There is China in the giant vats used to store pickles (pictured), and the Cheena Cati woks used in the kitchen. There is China in the classical chairs that the Chinese traders gave to the Maharajah of Travancore, which you can still see in the splendid Padmanabhapuram Palace, the once-capital of Kerala, on the way from Trivandrum to Kanyakumari, the Indian mainland’s spectacular southernmost point. There is China in the winter melons that, as my friend Sangeetha Madhavan points out, are eaten only in Kerala, nowhere else in India. And there is China in everyday gestures—“Oh, yur vife is like that” an old amachi tells me, as she places her index fingers on the outer edges of her eyes, and pulls gently towards her temples.
Ah yes, I miss my wife dearly. And it’s only Day 5. As much as there will be adventure and fun, there will be sadness and longing. Oh well, I guess I’ll just do what I’m best at: drowning my sorrows. There are still seven cans of Anchor in Babu Uncle’s fridge, hiding ashamedly behind a row of Heinekens.
The story continues at Letter from India: Kalarippayattu.
For those of you based in Singapore, there are signs of Kerala everywhere. Many Indian Muslim—mamak—chefs are from Kerala, including the prata spinners. The Malabar mosque on Victoria Street is a Malayali one. Manu Bhaskaran, a Singaporean economist and a good friend of mine, is a Hindu Malayali from the Ezhavas caste, people who were primarily toddy tappers. Manu, of course, is so unlike his ancestors—the only drink he will very occasionally touch is the relatively mild Gunner.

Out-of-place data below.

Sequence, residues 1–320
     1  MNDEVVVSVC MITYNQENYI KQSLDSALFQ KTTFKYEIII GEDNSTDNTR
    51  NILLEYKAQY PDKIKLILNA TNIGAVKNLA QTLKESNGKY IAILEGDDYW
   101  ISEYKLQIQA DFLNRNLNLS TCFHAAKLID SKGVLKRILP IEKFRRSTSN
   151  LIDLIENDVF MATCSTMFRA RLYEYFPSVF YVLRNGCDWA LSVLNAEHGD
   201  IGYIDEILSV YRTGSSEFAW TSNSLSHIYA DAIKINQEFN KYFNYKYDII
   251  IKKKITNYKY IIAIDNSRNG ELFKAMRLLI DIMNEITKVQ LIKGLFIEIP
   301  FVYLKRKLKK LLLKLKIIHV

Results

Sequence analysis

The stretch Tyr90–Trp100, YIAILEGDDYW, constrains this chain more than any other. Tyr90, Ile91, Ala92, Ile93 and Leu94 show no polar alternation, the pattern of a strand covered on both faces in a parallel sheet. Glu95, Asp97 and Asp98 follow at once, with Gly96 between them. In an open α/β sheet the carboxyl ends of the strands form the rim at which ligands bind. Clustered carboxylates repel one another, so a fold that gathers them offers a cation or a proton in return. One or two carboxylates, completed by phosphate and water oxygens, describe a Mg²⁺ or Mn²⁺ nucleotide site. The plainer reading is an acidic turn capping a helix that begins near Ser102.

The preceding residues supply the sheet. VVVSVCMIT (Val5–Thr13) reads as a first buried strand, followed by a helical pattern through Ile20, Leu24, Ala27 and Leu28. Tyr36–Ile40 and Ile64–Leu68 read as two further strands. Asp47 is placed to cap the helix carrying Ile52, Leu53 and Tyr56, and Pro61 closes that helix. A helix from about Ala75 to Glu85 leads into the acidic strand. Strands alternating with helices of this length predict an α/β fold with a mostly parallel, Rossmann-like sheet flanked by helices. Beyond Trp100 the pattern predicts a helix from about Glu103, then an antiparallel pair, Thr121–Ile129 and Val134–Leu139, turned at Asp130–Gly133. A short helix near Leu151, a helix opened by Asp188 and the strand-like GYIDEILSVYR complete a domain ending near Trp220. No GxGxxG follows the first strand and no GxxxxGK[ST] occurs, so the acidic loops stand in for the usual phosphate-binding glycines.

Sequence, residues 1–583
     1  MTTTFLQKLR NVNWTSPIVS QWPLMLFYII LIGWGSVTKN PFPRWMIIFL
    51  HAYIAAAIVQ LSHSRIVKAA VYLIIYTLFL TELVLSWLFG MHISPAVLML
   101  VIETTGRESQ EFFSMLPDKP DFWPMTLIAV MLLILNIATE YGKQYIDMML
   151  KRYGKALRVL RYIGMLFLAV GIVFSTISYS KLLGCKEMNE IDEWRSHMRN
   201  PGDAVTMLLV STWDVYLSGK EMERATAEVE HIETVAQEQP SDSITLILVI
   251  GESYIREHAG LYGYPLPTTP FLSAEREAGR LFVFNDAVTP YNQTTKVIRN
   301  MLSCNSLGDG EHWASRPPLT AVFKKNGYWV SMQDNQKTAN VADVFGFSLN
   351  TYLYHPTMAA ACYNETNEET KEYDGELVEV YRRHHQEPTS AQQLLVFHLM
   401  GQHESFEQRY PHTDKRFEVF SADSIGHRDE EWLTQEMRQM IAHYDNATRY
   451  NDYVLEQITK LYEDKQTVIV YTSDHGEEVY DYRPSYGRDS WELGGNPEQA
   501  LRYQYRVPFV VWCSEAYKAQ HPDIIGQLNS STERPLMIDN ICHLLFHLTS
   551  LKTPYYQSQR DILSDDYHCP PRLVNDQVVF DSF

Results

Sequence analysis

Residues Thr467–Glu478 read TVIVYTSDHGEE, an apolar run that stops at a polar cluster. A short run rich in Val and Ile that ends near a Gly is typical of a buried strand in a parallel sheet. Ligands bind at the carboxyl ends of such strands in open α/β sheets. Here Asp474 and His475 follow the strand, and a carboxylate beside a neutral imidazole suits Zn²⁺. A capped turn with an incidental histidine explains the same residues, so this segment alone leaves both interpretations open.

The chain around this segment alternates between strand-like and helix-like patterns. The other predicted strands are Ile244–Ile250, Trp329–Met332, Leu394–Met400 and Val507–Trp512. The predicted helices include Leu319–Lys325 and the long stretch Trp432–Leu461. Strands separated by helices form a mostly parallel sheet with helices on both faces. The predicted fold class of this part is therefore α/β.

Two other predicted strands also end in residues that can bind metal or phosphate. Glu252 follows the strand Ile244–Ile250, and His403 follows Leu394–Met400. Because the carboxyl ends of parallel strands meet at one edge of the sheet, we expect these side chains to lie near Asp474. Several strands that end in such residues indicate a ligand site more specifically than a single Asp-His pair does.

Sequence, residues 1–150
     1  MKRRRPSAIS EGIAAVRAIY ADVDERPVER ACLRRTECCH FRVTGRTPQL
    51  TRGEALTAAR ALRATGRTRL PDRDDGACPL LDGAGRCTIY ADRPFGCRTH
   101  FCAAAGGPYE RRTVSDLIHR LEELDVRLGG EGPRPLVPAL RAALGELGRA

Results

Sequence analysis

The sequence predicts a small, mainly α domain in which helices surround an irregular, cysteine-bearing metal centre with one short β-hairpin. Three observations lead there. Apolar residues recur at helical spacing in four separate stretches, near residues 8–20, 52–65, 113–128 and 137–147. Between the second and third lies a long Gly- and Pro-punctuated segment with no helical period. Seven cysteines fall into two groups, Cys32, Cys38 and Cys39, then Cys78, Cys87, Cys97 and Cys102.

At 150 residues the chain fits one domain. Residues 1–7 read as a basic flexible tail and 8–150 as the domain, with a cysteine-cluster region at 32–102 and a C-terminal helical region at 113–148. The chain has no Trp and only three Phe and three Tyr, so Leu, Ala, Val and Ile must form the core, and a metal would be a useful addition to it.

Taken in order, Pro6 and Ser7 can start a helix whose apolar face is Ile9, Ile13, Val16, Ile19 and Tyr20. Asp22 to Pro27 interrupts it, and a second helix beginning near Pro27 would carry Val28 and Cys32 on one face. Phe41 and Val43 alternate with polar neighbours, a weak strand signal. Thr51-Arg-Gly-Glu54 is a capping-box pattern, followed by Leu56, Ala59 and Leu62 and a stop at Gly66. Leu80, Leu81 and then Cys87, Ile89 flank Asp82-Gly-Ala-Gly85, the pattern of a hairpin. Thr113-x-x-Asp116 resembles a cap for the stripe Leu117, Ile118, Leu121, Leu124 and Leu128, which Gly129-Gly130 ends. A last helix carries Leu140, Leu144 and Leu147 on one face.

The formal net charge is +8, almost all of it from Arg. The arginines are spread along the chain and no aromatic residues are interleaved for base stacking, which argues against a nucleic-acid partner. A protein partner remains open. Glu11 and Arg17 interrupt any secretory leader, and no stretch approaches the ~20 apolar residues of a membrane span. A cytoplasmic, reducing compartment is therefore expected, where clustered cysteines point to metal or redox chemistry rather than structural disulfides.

And then there is Mar Thoma Church (St Thomas Church), the church my dad’s family goes to. You may notice a geographical peculiarity if you look up “Mar Thoma Road” in Singapore. It is off St. George’s Road, in the Bendemeer/Macpherson area, right where the CTE and PIE cross. However, there is no church—or “char-ch”, as Malayalis say—anywhere near there. Essentially, the church I used to attend as a boy had the misfortune of being in the path of some planner’s CTE dream. And so in the 1980s the government paid the church a nominal sum for the land and razed it, another footnote in our country’s rush to modernity.
Today Mar Thoma Church is in Upper Thomson, far away from “Mar Thoma Road”.
There are also signs of Singapore in Kerala. In the photography centre where I am getting some passport photos made, two people come up to the counter and ask for “Singapore-visa photo”, one of their most popular products. For Babu Uncle, who seems to have become more spiritual, two of his favourite pastors are the American TD Jakes, who he watches on YouTube, and the Singaporean Joseph Prince, who he watches faithfully on “The God Channel” everyday at 1.30pm.
[i] Some believe the Portuguese built them
[ii] The Secret Of The Temple, The New Yorker, Apr 30th 2012